Beyond the fact that anti-Semitism is hardly a prerequisite for opposing state Zionism specifically (a reality reflected by the myriad Jewish groups that have opposed the concept of Jewish state from before its founding to the present day), the Education Department’s new definition would also ostensibly bar college students from questioning the legitimacy of ethnic self-determination and the nation-state, more broadly. You don’t have to be a staunch supporter of the Palestinian cause to question Israel’s right to exist as a Jewish state. You could simply believe the human beings should be allowed to freely move across borders, regardless of their race or ethnicity – a position often championed by the CATO Institute, a think-tank co-founded by Republican megadonor Charles Koch.
Or else, you could believe that ethno-nationalism is an inherently destructive force, and that no nation-state should have an official ethnic or religious character – an idea endorsed by some of our republic’s founders. Or, one could believe that the nation-state is obsolete, and that, in a world where dominant economic institutions are multinational, and the climate is rapidly warming, human beings must establish a single, globally governed polity.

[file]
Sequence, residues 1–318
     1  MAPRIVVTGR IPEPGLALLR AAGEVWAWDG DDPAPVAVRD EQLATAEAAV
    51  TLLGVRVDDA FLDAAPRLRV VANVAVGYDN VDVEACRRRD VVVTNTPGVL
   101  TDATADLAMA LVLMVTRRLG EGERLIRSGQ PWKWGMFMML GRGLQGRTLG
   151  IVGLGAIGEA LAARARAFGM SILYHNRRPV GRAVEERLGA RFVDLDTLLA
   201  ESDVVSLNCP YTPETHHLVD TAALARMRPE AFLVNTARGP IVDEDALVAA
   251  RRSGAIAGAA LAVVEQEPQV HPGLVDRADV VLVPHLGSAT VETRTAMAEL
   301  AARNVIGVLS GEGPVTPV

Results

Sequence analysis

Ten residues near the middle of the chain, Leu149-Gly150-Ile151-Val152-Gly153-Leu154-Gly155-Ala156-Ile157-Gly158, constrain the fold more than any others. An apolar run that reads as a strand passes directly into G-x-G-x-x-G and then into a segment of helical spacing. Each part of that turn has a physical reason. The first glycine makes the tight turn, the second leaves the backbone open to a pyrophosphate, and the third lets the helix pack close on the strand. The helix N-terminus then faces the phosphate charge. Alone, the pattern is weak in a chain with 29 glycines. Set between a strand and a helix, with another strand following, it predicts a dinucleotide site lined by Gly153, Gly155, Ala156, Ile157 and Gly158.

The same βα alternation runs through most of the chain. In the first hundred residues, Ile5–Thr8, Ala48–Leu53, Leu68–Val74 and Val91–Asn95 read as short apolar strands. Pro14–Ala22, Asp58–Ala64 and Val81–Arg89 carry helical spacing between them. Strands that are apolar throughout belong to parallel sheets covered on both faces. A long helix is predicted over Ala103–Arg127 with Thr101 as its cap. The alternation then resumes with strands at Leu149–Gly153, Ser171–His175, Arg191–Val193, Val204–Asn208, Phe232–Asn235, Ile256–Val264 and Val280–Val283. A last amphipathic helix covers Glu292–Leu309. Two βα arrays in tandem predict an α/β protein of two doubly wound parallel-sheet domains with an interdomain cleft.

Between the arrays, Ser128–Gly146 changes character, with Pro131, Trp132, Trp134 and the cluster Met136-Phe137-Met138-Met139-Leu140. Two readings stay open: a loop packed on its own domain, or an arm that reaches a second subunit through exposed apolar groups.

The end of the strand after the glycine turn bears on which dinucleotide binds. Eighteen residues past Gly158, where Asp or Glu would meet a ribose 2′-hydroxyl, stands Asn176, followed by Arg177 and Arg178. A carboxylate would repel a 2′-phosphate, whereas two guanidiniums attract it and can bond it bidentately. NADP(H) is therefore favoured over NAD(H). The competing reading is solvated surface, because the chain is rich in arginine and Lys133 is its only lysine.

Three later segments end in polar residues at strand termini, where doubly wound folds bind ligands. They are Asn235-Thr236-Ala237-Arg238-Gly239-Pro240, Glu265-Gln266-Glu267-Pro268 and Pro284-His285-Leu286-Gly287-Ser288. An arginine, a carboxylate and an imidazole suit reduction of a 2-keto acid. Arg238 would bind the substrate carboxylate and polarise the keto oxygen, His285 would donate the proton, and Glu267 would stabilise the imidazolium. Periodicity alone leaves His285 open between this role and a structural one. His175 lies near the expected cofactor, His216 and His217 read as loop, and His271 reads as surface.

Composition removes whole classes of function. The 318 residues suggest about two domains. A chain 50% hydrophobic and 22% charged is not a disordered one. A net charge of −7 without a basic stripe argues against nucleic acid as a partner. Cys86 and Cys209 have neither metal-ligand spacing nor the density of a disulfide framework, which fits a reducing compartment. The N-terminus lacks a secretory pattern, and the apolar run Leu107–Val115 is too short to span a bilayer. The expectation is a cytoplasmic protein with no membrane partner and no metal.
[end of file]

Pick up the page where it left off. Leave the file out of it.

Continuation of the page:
It is true that the IHRA definition stipulates that one should consider “the overall context” of a remark before determining if said speech act qualifies as anti-Semitic. And the organization isn’t wrong to suggest that there are a lot of anti-Zionists whose views on Israel are motivated by contempt for Jews. But since criticism of state Zionism is not inherently anti-Semitic, there is no way to determine whether a given instance of such speech is motivated by Jew hatred unless one possesses separate, dispositive evidence of the speaker’s bigotry — in which case, his or her views on Zionism are irrelevant. If a student activist is known to hand out pamphlets on the Jewish World Conspiracy, then she is an anti-Semite, regardless of what position she takes on the Palestinian right-of-return. Which is to say, there is good reason to include anti-Zionist speech in your definition of anti-Semitism, if your intention isn’t to discredit the former by equating it with the latter. The disclaimer about “overall context” merely offers those who wish to stigmatize opposition to Israel — by equating it with hate speech — a means of denying that this is what they’re up to.